“I do not suffer from insanity. I enjoy every minute of it.”
~Edgar Allan Poe
A tad tardy update of a bookish tribute. It was Edgar Allan Poe’s birthday on the 19th of January, and I decided to read something from the master of macabre on his 209th birth anniversary. “The Masque of the Red Death” was first published in 1842, and is one of my favorite short stories of Poe. The allegorical story is about the “Red Death”, a plague that has affected a nation – characterized by redness, bleeding at the pores, scarlet stains on the body and more so on the face, a lot of blood, culminating in death within a few hours of being affected. The prince of the nation constructs an extensive and magnificent structure for himself and his friends, in an attempt to be “safe” from the chaos outside the boundaries of his palace. The structure comprises a masquerade ball, made up of seven rooms in seven different colors, six of which have matching stained glass panes. A few months later, a mysterious figure appears in the midst of their revelry and wreaks havoc in the palace.
Some excerpts from the story for a glimpse into the symbolism and imagery of Poe’s writing.
“The Red Death had long devastated the country. No pestilence had ever been so fatal or so hideous. Blood was its avatar and seal.”
“Prince Prospero was happy and dauntless and sagacious. When his dominions were half depopulated, he summoned a thousand hale and light-hearted knights and dames, and retired to the deep seclusion of his castellated abbey.”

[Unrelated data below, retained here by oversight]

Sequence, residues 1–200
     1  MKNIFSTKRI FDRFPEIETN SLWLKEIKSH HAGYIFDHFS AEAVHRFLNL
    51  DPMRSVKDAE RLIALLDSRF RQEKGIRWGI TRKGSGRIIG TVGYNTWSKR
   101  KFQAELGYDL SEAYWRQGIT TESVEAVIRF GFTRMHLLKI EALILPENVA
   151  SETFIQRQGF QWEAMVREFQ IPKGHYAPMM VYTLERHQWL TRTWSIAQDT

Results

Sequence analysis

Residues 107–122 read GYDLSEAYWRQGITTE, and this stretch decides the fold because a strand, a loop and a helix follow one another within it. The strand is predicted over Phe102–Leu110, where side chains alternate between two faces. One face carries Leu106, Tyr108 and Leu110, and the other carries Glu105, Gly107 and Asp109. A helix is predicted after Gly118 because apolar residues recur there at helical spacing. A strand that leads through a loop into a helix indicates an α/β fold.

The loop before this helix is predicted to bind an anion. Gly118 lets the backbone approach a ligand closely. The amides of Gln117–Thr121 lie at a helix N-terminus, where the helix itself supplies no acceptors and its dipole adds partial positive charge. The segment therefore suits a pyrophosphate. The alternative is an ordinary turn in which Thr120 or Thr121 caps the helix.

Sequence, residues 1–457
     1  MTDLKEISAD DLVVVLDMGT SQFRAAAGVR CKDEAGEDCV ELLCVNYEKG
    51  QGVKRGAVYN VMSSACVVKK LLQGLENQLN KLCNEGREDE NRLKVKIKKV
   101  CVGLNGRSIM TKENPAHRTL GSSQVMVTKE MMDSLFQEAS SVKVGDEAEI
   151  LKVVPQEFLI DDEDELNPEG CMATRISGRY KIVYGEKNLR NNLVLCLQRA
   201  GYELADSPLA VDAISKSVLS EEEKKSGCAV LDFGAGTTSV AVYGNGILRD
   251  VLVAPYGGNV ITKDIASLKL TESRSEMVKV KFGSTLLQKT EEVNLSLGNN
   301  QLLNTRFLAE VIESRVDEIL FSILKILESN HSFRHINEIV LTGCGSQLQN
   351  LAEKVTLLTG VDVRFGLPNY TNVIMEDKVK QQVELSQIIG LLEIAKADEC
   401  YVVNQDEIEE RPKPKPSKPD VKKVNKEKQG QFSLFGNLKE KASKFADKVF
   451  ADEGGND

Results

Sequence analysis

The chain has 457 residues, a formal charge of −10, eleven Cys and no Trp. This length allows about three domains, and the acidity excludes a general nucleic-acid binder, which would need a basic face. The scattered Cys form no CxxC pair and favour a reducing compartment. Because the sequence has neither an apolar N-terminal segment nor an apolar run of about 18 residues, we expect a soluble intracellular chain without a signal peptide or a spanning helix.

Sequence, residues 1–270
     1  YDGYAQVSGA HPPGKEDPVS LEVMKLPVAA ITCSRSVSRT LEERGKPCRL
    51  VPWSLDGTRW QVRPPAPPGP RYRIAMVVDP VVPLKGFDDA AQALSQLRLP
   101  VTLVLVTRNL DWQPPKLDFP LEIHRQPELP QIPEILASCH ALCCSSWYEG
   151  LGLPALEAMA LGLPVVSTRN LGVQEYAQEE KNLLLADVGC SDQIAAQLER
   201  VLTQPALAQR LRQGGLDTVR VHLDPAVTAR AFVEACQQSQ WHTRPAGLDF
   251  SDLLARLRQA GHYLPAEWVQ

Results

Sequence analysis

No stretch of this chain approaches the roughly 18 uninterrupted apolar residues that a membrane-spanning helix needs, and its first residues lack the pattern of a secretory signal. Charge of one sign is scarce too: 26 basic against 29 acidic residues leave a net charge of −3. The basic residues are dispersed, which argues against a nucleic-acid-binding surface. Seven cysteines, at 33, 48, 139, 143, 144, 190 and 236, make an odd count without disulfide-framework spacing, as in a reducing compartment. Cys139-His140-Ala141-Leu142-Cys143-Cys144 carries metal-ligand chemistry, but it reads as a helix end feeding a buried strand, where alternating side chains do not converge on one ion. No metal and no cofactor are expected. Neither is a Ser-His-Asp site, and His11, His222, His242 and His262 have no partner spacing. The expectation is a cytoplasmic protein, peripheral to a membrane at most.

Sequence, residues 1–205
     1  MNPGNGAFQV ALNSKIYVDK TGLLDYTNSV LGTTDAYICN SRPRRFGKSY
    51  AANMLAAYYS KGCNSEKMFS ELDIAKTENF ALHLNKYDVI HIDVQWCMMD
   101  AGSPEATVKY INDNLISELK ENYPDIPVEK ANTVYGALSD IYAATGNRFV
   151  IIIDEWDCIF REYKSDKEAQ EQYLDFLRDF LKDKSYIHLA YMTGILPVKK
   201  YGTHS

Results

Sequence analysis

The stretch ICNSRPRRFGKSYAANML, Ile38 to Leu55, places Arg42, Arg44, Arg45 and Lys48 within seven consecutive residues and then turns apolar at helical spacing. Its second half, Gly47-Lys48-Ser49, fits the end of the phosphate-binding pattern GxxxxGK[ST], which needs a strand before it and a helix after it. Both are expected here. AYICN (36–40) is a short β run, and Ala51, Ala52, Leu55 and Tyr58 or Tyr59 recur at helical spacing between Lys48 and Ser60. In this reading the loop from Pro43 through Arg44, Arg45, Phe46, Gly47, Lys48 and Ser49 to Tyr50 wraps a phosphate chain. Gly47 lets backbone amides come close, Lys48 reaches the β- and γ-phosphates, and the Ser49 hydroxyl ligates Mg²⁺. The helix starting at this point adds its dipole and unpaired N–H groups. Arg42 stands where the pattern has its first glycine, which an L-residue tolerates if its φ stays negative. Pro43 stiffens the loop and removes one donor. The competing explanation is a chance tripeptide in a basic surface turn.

“There were buffoons, improvisatori, ballet dancers, musicians, beauty, wine and security within. Without was the Red Death.”
“The figure was tall and gaunt, and shrouded from head to foot in the habiliments of the grave. His vesture was dabbled in blood – and his broad brow, with all the features of the face, was besprinkled with the scarlet horror.”
“And now was acknowledged the presence of the Red Death. He had come like a thief in the night.”
“Darkness and Decay and the Red Death held illimitable dominion over all.”
The story touches upon issues like the inevitability of death, how money can’t buy you immortality, and how time waits for no one. Time can delay the inevitable, but not stop it. However much the prince and his nobles tried to keep the affected victims away and ensure their own safety, when Death came knocking there was nowhere to run. A morbid but wonderful tale that holds true over a century after it was written.